ganninu 11-20-2003 06:36 PM

So this means that i can never have the bash script and the sql statements in 2 seperate files for modularity. My real aim was to have a file which contains only sql statements, and which at the same time accepts arguments from an external program. Now, I have the bash script integrated with the SQL statements, which is fine for my purpose. But suppose someone who is reading this thread has a large amount of SQL statements, it would be desirable to have them on a seperate file. Till now i haven't yet come up with that solution although i'm able to place multiple SQL statements on 1 line.

If you have any ideas abt that sol'n pls point them as it is very interesting to know abt it.

Thanks again, ganninu.

Hko 11-21-2003 11:45 AM

Quote:

So this means that i can never have the bash script and the sql statements in 2 seperate files for modularity.
No, you can make a different script to accomplish that. You can have a script that edits the parameters from a .sql file by using sed and pipe the resulting query to mysql.

Simple example. Have two SQL files:
Code:

# gettable.sql
#
# Get all the records of a table.

select * from ##table##

and:
Code:

# count.sql
#
# Count all records of a table.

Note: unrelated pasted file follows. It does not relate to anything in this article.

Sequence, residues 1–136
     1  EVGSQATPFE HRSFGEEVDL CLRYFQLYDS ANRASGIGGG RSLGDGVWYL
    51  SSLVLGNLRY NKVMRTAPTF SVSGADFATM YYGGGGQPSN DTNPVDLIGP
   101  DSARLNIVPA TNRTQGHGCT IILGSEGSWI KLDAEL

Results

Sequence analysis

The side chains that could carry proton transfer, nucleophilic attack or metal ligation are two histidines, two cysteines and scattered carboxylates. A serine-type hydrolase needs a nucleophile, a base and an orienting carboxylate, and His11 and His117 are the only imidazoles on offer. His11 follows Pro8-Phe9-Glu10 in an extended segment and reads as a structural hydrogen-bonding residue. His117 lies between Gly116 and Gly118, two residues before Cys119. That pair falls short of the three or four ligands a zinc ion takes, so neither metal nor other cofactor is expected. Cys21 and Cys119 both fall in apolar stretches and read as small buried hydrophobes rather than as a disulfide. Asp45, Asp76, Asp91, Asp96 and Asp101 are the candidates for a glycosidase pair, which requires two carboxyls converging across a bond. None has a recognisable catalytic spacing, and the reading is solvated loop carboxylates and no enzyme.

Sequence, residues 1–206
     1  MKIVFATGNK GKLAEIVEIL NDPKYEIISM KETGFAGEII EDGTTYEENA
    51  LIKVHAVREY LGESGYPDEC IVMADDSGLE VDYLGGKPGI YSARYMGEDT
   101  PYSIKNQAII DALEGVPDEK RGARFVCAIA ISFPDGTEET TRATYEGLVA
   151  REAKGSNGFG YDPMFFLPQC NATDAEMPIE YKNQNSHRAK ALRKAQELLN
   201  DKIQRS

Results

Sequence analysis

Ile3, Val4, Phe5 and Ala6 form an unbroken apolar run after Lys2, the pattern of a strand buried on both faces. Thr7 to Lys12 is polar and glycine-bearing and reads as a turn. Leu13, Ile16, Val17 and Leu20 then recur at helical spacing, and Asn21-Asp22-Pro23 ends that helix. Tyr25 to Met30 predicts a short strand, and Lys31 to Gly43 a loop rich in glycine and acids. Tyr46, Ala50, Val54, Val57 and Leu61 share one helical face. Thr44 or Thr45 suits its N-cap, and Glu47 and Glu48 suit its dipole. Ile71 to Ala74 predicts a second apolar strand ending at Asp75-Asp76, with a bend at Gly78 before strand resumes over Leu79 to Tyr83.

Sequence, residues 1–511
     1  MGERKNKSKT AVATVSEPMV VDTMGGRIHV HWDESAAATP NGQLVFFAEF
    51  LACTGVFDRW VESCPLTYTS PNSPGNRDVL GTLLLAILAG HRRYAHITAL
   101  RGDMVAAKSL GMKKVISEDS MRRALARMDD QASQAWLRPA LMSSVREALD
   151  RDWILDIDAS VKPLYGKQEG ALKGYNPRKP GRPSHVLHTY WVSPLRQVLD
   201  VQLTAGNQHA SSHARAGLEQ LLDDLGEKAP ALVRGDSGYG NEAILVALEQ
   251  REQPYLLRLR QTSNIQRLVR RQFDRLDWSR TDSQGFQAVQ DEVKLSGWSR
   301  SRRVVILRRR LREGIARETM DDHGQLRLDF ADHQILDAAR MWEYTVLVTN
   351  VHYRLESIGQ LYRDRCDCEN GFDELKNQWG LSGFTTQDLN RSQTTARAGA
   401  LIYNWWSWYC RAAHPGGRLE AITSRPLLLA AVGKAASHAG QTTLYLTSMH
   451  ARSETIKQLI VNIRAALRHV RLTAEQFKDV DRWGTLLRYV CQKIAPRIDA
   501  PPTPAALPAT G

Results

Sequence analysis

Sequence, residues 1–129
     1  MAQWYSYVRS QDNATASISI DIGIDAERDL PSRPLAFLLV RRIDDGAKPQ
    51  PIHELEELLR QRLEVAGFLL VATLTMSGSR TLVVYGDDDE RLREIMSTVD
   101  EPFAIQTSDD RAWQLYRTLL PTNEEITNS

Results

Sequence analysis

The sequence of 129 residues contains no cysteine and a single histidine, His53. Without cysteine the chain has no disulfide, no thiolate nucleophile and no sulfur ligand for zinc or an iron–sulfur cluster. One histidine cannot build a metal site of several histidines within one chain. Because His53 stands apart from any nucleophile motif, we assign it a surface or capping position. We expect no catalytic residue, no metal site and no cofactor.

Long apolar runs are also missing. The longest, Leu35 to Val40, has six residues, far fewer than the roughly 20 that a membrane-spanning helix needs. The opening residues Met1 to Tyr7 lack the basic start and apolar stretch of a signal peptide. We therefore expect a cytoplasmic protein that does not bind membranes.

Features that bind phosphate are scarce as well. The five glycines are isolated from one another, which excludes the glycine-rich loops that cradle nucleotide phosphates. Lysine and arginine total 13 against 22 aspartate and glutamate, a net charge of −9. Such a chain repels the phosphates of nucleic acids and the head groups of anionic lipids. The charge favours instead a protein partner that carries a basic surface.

select count(*) from ##table##

Then have a bash script like this to execute them:
Code:

#!/bin/bash

SCRIPT=$(basename $0)
if [ "$#" != 2 ] ; then
    echo "Usage:  $SCRIPT <sql-file> <table>"
    exit 1;
fi

sed "s/\(.*\)##table##\(.*\)/\1$2\2/" $1 | mysql --user="my name" --password="my password" yourdatabase

Execute the queries like this:
Code:

bash$ ./scriptname count.sql addresses
bash$ ./scriptname gettable.sql addresses


ganninu 11-21-2003 12:12 PM

what does the SCRIPT=$(basename $0) line do?

Hko 11-21-2003 01:04 PM

Nothing special.
The $0 parameter to a script is the name of the script itself.
Including the path it was started with, like /home/hko/bin/script or ./script

"basename" strips of the directory part.

This is just to output the correct script name in the help message, even when the script is renamed, or started through a symvbolic link.

ganninu 11-25-2003 06:30 AM

thanks very muuch - got the whole concept. Now i'm only trying to generalize to take multiple args. Gonna read a bit abt sed!!